Public access to dentists funded by the National Health Service (NHS) was the subject of this data investigation.
The available data on NHS dentistry was limited, so BBC journalists sought to ask every UK dental practice with an NHS contract if they were taking on new patients.
We telephoned nearly 7,000 practices in what the British Dental Association called “the most comprehensive and granular assessment of patient access in the history of the service”.
We discovered nine in 10 NHS practices were not accepting new adult patients for treatment and 8 in 10 were not taking on children.
It was the lead story throughout the day on BBC News on 8 August, spanning digital, TV and radio. It was also turned into a 30-minute documentary for BBC iPlayer and appeared on the “5 minutes on” podcast.
It was picked up widely by other newspapers and broadcasters in the UK, and was also reported on by some overseas media.
Following our report more than 60 cross-party members of parliament called on the Government to act with “urgency and ambition” to tackle the problems facing NHS dentistry.
The research has been brought up in in Parliament several times and the Health and Social Care Committee in December cited our research as they launched an inquiry into NHS dentistry provision.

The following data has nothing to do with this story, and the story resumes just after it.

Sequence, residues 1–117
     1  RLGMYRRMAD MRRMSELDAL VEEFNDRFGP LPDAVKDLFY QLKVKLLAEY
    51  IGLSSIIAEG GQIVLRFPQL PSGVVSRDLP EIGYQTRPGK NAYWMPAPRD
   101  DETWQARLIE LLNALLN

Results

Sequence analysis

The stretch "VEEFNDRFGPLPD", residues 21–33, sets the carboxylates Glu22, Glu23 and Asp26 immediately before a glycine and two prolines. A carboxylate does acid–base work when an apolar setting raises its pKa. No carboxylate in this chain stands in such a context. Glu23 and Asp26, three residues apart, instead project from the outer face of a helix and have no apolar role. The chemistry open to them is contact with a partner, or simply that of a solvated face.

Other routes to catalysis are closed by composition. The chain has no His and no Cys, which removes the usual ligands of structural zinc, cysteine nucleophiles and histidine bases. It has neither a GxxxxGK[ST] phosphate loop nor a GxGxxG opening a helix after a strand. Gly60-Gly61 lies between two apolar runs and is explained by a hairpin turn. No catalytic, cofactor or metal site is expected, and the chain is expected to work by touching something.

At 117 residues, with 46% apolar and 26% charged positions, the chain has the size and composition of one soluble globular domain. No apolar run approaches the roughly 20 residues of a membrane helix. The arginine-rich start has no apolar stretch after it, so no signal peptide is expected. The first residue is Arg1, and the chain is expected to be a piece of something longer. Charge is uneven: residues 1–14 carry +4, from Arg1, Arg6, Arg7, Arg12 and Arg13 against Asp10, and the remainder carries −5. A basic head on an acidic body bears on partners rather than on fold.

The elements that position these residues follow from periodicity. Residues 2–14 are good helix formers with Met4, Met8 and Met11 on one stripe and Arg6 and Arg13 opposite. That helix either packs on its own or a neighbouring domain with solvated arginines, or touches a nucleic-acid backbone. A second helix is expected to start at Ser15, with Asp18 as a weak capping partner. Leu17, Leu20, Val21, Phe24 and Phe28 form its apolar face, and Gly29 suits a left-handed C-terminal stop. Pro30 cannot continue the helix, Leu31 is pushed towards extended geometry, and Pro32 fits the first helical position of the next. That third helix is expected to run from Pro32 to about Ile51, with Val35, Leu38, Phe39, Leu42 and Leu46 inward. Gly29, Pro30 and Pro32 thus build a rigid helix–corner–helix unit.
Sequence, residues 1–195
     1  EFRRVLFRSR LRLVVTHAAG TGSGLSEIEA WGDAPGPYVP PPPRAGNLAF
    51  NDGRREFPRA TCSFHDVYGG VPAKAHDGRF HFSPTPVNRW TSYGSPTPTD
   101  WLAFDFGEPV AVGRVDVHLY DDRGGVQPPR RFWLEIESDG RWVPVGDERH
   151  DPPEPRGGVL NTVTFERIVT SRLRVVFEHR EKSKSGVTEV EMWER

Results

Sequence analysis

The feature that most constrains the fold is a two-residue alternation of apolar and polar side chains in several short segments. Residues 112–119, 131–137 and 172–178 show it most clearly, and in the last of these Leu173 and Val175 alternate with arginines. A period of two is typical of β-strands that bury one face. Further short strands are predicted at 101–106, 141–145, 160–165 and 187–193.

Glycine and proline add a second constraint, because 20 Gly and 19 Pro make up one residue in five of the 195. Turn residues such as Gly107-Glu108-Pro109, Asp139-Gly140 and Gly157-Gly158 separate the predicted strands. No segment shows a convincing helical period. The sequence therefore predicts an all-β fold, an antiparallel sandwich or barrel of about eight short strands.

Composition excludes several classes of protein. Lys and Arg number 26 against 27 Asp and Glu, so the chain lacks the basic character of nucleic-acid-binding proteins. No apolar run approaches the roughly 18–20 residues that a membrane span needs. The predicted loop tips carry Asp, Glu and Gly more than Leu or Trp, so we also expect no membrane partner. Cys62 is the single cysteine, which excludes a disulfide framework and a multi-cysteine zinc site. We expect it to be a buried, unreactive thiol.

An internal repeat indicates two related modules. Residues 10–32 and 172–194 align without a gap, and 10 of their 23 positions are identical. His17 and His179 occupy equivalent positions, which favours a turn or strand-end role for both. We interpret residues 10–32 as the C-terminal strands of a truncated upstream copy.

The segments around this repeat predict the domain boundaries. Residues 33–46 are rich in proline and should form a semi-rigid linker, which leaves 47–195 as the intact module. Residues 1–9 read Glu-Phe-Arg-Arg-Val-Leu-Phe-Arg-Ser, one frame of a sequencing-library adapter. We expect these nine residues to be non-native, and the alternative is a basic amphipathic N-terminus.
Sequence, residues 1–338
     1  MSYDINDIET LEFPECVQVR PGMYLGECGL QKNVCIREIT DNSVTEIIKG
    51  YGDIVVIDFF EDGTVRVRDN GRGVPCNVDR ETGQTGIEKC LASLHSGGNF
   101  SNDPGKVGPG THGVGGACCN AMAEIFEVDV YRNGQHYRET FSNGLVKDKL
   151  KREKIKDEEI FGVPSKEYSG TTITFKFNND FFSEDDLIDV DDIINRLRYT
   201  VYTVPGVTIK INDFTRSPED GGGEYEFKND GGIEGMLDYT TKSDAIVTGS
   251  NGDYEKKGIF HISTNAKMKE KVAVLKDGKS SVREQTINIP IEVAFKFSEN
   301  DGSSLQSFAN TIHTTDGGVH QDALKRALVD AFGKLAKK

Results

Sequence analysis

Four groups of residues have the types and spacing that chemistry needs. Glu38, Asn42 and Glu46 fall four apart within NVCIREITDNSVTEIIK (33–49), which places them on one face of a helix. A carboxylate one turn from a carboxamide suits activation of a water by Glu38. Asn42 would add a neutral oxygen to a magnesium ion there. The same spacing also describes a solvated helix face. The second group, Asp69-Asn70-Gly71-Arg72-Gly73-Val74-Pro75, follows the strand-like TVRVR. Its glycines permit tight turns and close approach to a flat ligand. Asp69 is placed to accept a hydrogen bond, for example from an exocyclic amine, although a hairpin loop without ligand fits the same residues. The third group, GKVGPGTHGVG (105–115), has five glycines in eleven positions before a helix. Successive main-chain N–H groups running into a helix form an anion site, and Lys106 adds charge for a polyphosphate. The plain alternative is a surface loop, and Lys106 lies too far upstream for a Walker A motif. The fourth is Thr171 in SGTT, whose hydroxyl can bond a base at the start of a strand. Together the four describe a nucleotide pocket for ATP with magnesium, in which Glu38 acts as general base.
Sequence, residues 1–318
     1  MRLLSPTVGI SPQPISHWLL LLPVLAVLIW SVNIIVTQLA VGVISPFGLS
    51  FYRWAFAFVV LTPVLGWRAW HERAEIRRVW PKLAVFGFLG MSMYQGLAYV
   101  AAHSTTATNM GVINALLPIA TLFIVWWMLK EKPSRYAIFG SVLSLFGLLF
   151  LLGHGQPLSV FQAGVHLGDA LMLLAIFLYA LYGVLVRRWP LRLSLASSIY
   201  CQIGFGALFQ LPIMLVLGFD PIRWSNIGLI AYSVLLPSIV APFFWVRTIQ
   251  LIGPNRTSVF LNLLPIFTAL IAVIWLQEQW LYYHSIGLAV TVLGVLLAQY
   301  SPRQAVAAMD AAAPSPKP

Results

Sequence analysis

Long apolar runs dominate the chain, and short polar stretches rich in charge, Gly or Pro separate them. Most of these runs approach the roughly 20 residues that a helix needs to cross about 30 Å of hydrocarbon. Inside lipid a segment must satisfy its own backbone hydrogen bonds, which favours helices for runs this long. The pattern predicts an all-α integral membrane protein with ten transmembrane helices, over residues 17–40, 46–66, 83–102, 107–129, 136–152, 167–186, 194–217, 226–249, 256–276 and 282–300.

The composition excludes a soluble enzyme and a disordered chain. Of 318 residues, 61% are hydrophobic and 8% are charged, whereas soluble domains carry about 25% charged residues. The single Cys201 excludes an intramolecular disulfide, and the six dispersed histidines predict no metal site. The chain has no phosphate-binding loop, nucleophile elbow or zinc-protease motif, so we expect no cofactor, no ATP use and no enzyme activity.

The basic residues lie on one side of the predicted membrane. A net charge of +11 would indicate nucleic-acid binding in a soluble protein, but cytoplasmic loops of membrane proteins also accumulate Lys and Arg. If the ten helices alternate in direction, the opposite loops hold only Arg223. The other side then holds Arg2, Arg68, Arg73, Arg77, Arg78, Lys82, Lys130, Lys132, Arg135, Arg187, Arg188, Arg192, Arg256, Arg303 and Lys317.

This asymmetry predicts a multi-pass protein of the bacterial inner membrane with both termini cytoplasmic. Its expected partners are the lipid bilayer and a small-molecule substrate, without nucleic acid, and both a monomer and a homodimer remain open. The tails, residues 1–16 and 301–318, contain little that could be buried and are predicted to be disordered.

We gathered lists of practices that had NHS contracts from health providers in each of the UK’s four nations.
Then, old fashioned phone-bashing was used to gather the information.
We used spreadsheets to log the calls and the programming language R to clean and analyse the data. We used R markdown to produce an interactive breakdown for regional and local BBC teams, for use in their reporting.
The story online featured a video case study and Carto map showing a breakdown of the figures to local level.
Context about the project:
What can other journalists learn from this project?
Other journalists can learn that a lack of existing data need not be a barrier to a data story, in fact areas where there is little or no data make it possible to compile your own.
Although gathering original data can be a lengthy process, so it is essential to spend time planning things out thoroughly at the beginning of a project to prevent it becoming overwhelming.